The thought of hosting Thanksgiving can be a little overwhelming but it doesn’t have to be. There are a number of things that can be done to spread the cost. Don’t use (or let others) the excuse that you can’t change things because “that’s the way it’s always been done”. It’s a fact, life changes.
I understand that telling family and friends that putting on the dinner may be a hardship is not pleasant or something anyone wants to do. However, wouldn’t it be better to get some help rather than stressing about it? If you are attending a dinner where you know this may be a hardship, go ahead and offer some assistance. Just make sure that you are delivering the message in a non-insulting way. Saying “you host every year, let me help out by providing the turkey” comes across much better than “I know you don’t have any money so I’ll buy the turkey for you”. Same result but the delivery is a little more tactful.
Here are some ideas on how to cut back on expenses; I’m going to save the most controversial one for last.
- Commit to providing the meat but have everyone else contribute a dish. So what if no one makes the mashed potatoes like you do. If the potatoes turn out lumpy you’ll have something to talk about for the next 20 years (been there done that!)
- Let someone else provide the turkey. One of your guests may get a free turkey from work or else would prefer to supply the meat versus cooking a dish.
- Leave non-essential items out. How many items do you put on the table that barely gets eaten? If no one really likes cranberry relish than leave it off the table. If Uncle Ron is the only guest eating the pecan pie don’t provide it. Of course something like pecan pie can be controversial so you may want to give Uncle Ron the heads up so he can be prepared. Who knows, he may offer to supply the pies!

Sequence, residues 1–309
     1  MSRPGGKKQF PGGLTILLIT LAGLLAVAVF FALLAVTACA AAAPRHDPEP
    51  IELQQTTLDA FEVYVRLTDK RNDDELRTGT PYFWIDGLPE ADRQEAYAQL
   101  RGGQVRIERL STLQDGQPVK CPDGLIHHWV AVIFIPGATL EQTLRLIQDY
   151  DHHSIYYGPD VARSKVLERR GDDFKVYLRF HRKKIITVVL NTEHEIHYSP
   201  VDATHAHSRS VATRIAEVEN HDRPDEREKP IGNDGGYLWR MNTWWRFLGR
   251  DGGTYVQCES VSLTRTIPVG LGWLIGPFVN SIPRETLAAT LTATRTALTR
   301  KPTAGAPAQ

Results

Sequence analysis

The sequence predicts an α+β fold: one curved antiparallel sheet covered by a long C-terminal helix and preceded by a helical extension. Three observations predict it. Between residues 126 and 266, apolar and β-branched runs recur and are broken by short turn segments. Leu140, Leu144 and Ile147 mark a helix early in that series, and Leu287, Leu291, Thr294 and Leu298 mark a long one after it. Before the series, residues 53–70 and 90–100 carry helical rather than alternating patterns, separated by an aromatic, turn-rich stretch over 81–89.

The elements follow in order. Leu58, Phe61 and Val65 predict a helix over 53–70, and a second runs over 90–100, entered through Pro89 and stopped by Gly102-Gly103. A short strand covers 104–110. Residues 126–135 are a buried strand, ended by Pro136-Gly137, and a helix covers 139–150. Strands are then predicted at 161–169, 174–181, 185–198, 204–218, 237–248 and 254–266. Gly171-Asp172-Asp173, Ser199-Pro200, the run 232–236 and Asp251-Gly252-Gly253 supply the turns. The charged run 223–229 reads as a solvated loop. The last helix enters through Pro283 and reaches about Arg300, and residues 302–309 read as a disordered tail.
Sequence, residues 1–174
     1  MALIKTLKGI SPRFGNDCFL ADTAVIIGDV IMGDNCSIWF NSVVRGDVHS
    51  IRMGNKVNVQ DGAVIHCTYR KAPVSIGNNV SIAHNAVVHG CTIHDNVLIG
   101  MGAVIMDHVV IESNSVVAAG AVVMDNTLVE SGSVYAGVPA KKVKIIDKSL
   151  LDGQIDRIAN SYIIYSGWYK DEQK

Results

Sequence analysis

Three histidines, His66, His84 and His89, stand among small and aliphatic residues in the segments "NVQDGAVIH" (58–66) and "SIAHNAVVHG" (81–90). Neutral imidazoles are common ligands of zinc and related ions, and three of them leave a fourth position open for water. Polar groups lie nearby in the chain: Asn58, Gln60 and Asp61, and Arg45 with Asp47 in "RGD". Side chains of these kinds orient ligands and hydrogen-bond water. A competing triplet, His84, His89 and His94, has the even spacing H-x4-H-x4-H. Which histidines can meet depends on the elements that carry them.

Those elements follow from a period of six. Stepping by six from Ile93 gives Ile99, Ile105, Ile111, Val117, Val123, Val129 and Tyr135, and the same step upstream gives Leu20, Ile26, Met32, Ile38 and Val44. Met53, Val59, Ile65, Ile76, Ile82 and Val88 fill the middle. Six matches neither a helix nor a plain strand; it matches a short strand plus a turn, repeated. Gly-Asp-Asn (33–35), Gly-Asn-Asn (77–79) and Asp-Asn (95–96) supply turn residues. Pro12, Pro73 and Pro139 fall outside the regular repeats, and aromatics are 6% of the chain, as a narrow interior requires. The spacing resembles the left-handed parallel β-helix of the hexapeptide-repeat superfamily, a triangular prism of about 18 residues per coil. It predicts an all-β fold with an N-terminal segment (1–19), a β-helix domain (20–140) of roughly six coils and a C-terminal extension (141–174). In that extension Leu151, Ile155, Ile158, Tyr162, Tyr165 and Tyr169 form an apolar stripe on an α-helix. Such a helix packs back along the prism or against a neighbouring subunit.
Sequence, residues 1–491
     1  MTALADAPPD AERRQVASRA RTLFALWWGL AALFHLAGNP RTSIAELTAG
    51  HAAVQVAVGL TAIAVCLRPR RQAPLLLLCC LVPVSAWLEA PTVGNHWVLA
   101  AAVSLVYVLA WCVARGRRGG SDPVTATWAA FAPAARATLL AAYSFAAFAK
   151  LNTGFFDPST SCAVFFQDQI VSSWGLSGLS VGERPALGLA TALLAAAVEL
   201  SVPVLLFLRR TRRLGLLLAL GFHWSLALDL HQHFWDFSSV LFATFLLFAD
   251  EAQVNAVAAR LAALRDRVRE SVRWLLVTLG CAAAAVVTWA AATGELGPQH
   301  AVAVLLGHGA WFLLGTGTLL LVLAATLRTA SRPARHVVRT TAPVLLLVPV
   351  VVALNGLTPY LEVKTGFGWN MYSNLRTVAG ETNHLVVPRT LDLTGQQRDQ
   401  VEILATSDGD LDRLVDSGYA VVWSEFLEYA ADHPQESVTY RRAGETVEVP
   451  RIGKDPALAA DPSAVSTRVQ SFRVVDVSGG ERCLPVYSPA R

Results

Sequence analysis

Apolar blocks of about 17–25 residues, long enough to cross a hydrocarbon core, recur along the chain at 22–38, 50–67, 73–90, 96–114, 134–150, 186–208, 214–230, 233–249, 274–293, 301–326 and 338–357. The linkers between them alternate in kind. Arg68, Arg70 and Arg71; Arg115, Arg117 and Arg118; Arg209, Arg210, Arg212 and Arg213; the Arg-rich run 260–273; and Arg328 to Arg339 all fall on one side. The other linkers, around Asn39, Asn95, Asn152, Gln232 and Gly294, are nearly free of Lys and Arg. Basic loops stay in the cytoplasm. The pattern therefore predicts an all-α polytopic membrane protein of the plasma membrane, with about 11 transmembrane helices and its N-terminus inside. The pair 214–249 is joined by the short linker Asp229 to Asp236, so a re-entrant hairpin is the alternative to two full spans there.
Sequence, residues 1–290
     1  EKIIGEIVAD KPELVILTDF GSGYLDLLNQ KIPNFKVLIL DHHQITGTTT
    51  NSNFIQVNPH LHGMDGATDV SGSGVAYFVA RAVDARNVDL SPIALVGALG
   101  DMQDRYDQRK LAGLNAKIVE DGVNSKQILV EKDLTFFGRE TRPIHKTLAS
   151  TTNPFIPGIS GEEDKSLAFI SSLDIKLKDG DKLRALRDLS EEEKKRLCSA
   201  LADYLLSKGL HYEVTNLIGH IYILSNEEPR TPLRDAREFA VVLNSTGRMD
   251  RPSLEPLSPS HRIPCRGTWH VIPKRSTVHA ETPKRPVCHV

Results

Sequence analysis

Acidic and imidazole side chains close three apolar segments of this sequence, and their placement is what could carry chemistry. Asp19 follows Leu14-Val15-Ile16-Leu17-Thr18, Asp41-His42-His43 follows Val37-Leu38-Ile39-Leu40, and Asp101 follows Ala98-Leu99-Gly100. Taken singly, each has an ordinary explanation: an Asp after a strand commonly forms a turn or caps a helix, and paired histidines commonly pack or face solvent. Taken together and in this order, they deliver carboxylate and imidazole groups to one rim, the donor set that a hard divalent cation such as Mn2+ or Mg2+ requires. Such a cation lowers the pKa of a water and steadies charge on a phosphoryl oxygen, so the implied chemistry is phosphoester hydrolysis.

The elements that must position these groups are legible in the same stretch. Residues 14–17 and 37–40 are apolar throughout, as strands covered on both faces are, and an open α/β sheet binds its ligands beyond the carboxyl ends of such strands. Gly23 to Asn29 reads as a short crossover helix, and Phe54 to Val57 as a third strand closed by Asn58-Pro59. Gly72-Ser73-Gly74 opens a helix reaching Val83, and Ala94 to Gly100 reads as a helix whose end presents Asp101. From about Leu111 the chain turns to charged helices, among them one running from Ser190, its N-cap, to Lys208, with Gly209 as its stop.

- Make less food. How many years do you have so many leftovers you can barely eat them all? Cutting back on the amount of food you make will help shrink the budget.
- Plan in advance. I know we’re awfully close to Thanksgiving and there isn’t time this year to prepare ahead but I would guess that everyone has almost the same items year to year. Make your sweet potato casserole in September and freeze it. If you have the freezer space you could pretty much buy or make one item a week leading up to the holiday spreading out the cost over several months as well as cutting down drastically the work to put on such a big dinner.
- Open up a Thanksgiving Club. Ok, I made this one up but if you really put on a big spread and it costs you hundreds of dollars think about opening up a savings account just for Thanksgiving. $5 a paycheck doesn’t sound like a lot of money but if you get paid 26 times per year you could have $130 to spend for Thanksgiving.
- Don’t serve turkey. I’m a diehard turkey for Thanksgiving fan but if all these options don’t work then you need may need to take drastic measures. Consider making something liked stuffed chicken breasts instead of the turkey. Price your different meat options and go with whatever will have the least amount of impact on your pocket book.
I’ll be linking this up over at Life as Mom , Crystal and Company and We Are THAT Family
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